In Poisoned Waters, Smith speaks with researchers from the U.S. Geological Survey (USGS), who report finding genetically mutated marine life in the Potomac River. In addition to finding frogs with six legs and other mutations, the researchers have found male amphibians with ovaries and female frogs with male genitalia. Scientists tell FRONTLINE that the mutations are likely caused by exposure to "endocrine disruptors," chemical compounds that mimic the body's natural hormones.

The USGS research on the Potomac River poses some troubling questions for the 2 million people who rely on the Washington Aqueduct for their drinking water.

"The endocrine system of fish is very similar to the endocrine system of humans," USGS fish pathologist Vicki Blazer says. "They pretty much have all the same hormone systems as humans, which is why we use them as sort of indicator species. ... We can't help but make that jump to ask the question, 'How are these things influencing people?'"

"The long-term, slow-motion risk is already being spelled out in epidemiologic data, studies -- large population studies," says Dr. Robert Lawrence of the Johns Hopkins School of Public Health. "There are 5 million people being exposed to endocrine disruptors just in the Mid-Atlantic region, and yet we don't know precisely how many of them are going to develop premature breast cancer, going to have problems with reproduction, going to have all kinds of congenital anomalies of the male genitalia, things that are happening at a broad low level so that they don't raise the alarm in the general public."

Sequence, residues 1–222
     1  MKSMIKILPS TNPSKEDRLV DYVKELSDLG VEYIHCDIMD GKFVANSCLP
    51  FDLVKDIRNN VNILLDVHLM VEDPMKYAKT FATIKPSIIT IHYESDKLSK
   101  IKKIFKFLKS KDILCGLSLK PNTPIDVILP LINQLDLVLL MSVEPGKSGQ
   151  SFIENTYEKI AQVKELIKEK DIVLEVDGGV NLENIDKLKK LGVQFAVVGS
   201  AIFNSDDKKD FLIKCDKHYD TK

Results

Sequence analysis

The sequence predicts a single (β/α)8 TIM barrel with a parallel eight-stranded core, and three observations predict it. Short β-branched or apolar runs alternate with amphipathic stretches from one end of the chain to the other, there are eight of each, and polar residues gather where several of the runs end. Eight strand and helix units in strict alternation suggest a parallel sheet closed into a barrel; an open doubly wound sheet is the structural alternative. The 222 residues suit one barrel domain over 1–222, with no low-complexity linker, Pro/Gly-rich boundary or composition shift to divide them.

Smith also investigates the state of Puget Sound's environment, where decades of pollution have endangered such species as orca whales, whose carcasses have shown high levels of cancer-causing PCBs.

"We thought all the way along that [Puget Sound] was like a toilet: What you put in, you flush out," says Washington Gov. Chris Gregoire, who notes that about 150,000 pounds of untreated toxins find their way into Puget Sound each day. "We [now] know that's not true. It's like a bathtub: What you put in stays there."

Smith reveals that some of today's greatest pollution threats stem from urban sprawl and overdevelopment, as new housing and commercial developments send contaminated stormwater into rivers and bays, polluting local drinking-water supplies.

Smith speaks with scuba diver Mike Racine, who describes runoff into the depths of Seattle's Elliott Bay as a "brown, noxious soup of nastiness that is unbelievable."